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Orwell's Still Got Our Number

Sound familiar? The more things change, the more they stay the same. This is from an Orwell essay on Kipling, from 1942, 65 years ago:

All left-wing parties in the highly industrialised countries are at bottom a sham, because they make it their business to fight against something which they do not really wish to destroy. They have internationalist aims, and at the same time they struggle to keep up a standard of life with which those aims are incompatible. We all live by robbing Asiatic coolies, and those of us who are "enlightened" all maintain that those coolies ought to be set free; but our standard of living, and hence our "enlightenment", demands that the robbery shall continue.
--George Orwell, p. 400 of his Essays.

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Friday, December 21, 2007

Oxford Symposium on Food & Cookery

Back in 1988, Dan Hofstadter published a meandering essay about the eighth (I think) meeting of the Oxford Symposium on Food & Cookery, which sounds like a great place for brainiac foodies. At that meeting, Dr. Max Lake lectured on the "resemblance between sexual smells and the smells of cheese and wine:"

I have been fortunate enough to have access to a sexual-odor library [Lake said], which, believe it or not, consists of little bottles in a laboratory. One of the most important human pheromones is isobutyraldehyde, which is the next relative in the carbon chain to the odor of bean sprouts. Great champagne has many aldehyde tones. There are also definite cheesy and sweaty notes. These middle-range fatty-acid smells characterize, in higher apes and human beings, the pheromones of the female in mid-cycle, and are also found, believe it or not, in several of the world's most delicious and expensive cheeses ...
Another lecturer, Charles Perry -- "accomplished Arabist, a former editor at Rolling Stone, and a restaurant critic for the Los Angeles Times" -- lectured about "Medieval Near Eastern Rotted Condiments."
[Perry] had set out loaves of barley dough to rot in various ways, in accordance with instructions in old Arabic cookbooks. After forty days, each smelled unique. The most suitable were wrapped in grape leaves in a loosely lidded container. They were to be used with a rotted whole-wheat flat bread from a health-food store to make bunn. The loaves of barley dough "were surprisingly white throughout most of their volume, and smelled faintly but not unpleasantly of rot," he reported. "The bread had rotted vigorously, and in the end looked like a furry black kitten with pink patches." These rots Perry then ground and sifted to make the bunn, which "developed a curious richness of aroma, like that of a ripe salami, after a week," he said. "It had a loathsome appearance but was agreeable to taste, if not a delicacy by my standards." Perry concluded by wondering aloud why these condiments had disappeared. Much of his audience was apparently wondering why he had not disappeared, and one listener rose to congratulate him on his survival.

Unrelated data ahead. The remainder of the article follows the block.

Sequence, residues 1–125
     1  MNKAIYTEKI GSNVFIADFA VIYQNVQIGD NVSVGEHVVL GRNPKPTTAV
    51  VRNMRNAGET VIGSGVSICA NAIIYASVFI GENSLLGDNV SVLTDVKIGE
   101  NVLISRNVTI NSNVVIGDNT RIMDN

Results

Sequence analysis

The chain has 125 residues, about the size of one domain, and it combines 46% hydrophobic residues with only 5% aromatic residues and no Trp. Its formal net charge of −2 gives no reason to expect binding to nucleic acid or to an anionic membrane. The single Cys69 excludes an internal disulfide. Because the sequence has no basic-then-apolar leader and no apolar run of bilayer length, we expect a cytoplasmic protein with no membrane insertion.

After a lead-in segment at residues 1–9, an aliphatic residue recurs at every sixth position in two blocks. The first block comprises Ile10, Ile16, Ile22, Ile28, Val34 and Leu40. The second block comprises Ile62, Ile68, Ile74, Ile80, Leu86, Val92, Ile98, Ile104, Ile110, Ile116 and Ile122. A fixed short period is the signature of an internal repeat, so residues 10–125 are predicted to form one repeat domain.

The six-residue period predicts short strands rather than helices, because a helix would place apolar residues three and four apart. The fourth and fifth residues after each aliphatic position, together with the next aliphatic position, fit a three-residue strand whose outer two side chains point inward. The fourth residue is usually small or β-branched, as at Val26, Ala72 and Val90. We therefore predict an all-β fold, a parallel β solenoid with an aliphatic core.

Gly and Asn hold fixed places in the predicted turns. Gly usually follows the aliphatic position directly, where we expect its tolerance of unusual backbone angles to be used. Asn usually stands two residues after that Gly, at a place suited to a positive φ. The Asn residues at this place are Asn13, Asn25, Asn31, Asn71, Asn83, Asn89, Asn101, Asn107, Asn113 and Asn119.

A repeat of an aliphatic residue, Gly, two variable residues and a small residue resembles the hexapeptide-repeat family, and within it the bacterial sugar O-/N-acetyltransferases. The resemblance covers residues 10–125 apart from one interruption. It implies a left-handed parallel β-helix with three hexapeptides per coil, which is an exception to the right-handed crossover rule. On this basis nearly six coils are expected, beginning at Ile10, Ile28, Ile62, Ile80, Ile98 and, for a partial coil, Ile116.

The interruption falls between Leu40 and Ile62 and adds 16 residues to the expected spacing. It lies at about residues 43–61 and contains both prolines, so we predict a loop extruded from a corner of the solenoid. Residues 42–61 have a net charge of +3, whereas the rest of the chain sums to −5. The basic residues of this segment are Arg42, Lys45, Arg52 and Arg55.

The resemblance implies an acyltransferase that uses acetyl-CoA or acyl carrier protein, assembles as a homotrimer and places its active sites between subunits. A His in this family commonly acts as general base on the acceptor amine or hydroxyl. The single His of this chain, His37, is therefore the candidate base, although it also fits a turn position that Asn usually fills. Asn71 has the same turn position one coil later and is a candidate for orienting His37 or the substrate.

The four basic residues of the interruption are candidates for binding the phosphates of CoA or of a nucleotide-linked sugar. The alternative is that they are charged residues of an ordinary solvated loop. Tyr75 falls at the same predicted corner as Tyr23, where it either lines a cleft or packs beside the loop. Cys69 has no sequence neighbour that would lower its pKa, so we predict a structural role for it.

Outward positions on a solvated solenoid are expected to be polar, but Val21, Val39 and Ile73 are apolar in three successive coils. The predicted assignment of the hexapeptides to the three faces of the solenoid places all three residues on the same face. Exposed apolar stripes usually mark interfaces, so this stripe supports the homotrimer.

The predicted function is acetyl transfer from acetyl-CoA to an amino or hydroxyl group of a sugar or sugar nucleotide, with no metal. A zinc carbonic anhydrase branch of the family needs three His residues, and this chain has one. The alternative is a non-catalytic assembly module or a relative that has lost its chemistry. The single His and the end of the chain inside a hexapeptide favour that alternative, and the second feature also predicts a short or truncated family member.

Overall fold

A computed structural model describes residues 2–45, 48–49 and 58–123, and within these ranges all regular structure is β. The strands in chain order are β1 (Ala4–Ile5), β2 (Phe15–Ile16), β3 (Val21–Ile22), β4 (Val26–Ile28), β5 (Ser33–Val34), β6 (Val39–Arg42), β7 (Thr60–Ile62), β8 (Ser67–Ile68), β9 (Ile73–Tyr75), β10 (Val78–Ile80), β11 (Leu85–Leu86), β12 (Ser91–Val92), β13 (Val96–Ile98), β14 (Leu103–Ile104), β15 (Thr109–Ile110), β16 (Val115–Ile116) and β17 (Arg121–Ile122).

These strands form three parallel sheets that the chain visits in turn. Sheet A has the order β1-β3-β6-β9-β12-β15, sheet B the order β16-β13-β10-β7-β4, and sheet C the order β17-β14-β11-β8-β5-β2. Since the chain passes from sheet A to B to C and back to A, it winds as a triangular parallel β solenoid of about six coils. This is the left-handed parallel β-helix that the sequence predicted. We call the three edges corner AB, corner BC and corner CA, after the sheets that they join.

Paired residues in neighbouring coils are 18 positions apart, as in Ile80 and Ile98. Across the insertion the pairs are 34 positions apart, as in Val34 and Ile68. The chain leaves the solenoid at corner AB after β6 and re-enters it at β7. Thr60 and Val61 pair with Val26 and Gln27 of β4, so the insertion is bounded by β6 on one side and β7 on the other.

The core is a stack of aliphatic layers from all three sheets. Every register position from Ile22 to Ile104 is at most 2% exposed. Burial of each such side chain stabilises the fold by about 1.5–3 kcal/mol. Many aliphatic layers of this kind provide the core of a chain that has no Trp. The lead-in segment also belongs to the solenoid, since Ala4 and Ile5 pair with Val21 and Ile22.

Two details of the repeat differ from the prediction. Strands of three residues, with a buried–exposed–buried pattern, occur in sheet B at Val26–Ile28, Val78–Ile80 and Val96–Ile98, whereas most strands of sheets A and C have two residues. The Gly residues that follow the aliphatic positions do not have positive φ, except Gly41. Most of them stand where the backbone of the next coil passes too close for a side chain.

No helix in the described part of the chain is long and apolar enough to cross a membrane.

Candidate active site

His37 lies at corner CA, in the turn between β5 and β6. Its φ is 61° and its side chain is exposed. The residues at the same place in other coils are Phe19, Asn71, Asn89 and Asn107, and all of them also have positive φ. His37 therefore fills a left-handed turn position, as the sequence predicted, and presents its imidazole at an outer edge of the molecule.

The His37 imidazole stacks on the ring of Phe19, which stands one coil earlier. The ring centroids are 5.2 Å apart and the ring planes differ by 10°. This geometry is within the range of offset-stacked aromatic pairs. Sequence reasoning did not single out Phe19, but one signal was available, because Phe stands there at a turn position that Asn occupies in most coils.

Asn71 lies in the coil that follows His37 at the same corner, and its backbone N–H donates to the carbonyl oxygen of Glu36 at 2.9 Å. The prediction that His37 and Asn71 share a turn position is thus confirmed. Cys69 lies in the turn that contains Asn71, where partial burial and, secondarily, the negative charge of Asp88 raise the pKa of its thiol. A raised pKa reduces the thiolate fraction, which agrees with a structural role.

Hofstadter marvels at the adventuresome tastes of the lecturers:
Many of these foods were not only strange but also unpalatable -- even, in some cases, inedible ... Past and present symposiasts had trumpeted their consumption of -- among other items -- bear's paw, "properly rancid" yak butter, fermented fish liquid, viper in chicken broth, house cat, fox, owl, ground bats' wings, pressed lizards, pangolin, Spanish fly, and frog's ovaries, not to mention sheep's-tail fat and medieval Arab rotted-grain condiments. Was there nothing they wouldn't put in their mouths?
Apparently not.

--Quotes from Dan Hoftstadter's "Omnivores." The New Yorker, April 25, 1988.

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The Mysterious East

Just read a long and very boring essay about China's "Long River," the Yangzi. The two things that stuck out:

[My Chinese wife] had warned me that the more conservative Chinese -- particularly those in the countryside -- would look askance at any public show of affection or solicitude, such as my holding her arm when we crossed a street. Though she promised not to walk behind me, in traditional Chinese fashion, she did make me agree not to help her up if she slipped and fell, explaining that it would be far more appropriate for me simply to stand by and laugh.
More amusing was a passing reference to one of the categories into which people in China were classified during the Cultural Revolution (and probably before then as well, as the categories may have predated it). In the 1980s, as economic reforms took hold, the reputations of various categories, such as "capitalists," were being "rehabilitated." They were able to "recover former assets and properties as a result," but not so for "the 'stinking ninth class' -- the intellectuals, who possess little beyond what's in their heads ..."

Stinking ninth class. How's that for a résumé-builder?

--Quotations from "The Long River," by Robert Shaplen. The New Yorker, August 8, 1988.

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Wednesday, December 19, 2007

John McPhee on Stopping Volcanic Lava